Check out the Roles of managers in Education

Check out the Roles of managers in Education

A role is a behavioral pattern expected of someone within a functional unit. Roles are inherent in functions.

Interpersonal Roles: interpersonal roles are relations with other people arising from the manager’s status and authority.

Figure Head: The manager is a symbol and represents the organization in matters of formality. The manager is involved in matters of a ceremonial nature such as the signing of documents, participation in activities as a social necessity, and is available for people who insist on access to the “top”, greeting visitors, attending subordinates’ wedding, taking staff to lunch.

Leadership Role: By the authority vested in the manager he/she has responsibility for staffing and motivation and guidance of subordinates. Managers are responsible and accountable for their subordinates’ actions as well as for their own. Their subordinates’ success or failure is a direct measure of their success or failure.

Liaison Role: This involves the manager in a horizontal relationship with people outside the organization; linking the organization and the environment. Managers like most politicians must learn to work with everyone inside or outside the organization who can help them achieve their organizational goals. All effective managers play “politics” in the sense that they develop networks of mutual obligations with other managers in the organization or seek outside help; building alliances and coalitions. Managers draw upon these relationships to win support for their proposals or decisions and to gain co-operation in carrying out various activities.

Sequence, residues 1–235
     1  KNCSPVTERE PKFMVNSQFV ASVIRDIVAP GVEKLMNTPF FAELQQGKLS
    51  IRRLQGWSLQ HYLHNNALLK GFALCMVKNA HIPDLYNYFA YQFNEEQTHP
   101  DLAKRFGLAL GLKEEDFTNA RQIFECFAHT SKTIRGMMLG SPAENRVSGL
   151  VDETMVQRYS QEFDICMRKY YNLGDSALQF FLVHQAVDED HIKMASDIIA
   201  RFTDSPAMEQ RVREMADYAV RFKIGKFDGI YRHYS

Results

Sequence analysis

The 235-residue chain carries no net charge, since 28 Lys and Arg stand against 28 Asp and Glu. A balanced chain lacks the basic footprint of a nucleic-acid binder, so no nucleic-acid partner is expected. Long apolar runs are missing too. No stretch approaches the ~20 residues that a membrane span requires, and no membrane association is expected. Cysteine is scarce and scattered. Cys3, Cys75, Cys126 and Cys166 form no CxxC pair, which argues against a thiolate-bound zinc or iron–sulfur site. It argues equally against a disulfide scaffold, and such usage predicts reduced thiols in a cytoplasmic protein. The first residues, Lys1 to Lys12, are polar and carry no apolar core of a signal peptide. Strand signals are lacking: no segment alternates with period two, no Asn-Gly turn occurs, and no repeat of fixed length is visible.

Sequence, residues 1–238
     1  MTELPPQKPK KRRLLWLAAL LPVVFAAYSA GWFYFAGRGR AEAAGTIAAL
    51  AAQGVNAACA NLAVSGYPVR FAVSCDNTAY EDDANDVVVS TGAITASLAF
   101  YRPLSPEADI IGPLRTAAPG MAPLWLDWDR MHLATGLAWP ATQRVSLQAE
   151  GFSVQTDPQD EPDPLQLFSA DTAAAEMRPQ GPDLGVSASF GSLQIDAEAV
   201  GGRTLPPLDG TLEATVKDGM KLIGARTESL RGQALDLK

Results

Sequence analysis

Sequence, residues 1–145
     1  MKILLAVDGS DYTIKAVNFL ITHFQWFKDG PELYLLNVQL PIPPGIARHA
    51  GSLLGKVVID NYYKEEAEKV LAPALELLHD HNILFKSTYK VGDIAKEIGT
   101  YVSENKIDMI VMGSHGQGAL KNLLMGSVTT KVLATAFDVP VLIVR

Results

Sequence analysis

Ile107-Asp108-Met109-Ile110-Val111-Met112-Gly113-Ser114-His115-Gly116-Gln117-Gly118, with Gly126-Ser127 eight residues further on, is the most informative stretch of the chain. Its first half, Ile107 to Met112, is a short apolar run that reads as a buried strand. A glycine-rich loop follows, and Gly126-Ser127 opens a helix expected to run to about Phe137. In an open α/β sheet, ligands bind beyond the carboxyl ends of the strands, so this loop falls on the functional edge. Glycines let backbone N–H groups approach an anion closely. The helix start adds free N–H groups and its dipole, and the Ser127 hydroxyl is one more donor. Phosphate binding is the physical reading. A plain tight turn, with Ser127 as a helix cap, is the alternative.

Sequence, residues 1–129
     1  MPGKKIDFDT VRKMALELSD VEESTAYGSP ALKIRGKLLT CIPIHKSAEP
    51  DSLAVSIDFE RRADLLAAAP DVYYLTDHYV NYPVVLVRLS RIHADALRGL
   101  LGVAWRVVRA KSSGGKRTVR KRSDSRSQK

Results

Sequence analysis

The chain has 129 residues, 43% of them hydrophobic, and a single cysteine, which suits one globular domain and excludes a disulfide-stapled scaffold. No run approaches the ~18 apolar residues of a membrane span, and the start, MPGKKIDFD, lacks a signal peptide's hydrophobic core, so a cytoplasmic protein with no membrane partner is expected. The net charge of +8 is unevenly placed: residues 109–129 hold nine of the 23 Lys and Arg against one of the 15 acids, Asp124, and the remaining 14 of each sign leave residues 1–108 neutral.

Informational Roles: Receiving and communicating information are the most important aspects of a manager’s job. Managers need the information to make intelligent decisions and other people in the organization depend on information received from or transmitted through managers. Three informational roles for a manager are:
Monitor: Managers are constantly looking for useful information both within and outside the organization. They question subordinates and collect unsolicited information, usually through their network of contacts. Information could be formal or informal. The role monitor often makes managers the best-informed members of their group. Managers need the information to enable them to develop an understanding of the working of the organization and its environment.
Disseminator: The manager distributes important information. Some may be factual and others based on the manager’s interpretation of events.

Spokesperson: The manager has formal authority in transmitting information to people outside the unit – board of Directors, the general public, government officials, the press.

Decisional Roles: The manager makes strategic organizational decisions based on his status, authority, and access to information.

Entrepreneurial Role: Managers try to improve their organizations. When managers get hold of a good idea, they might launch a development project to make it a reality. In this role, they initiate a change of their own free will. (Seeking improvement of the organization).

Disturbance Handler: No organization runs smoothly all the time. There is almost no limit to the number and types of problems that may occur – from financial difficulties, strikes/demonstrations to a drop in earnings. These are unpredictable events and when an unexpected disturbance occurs, the manager

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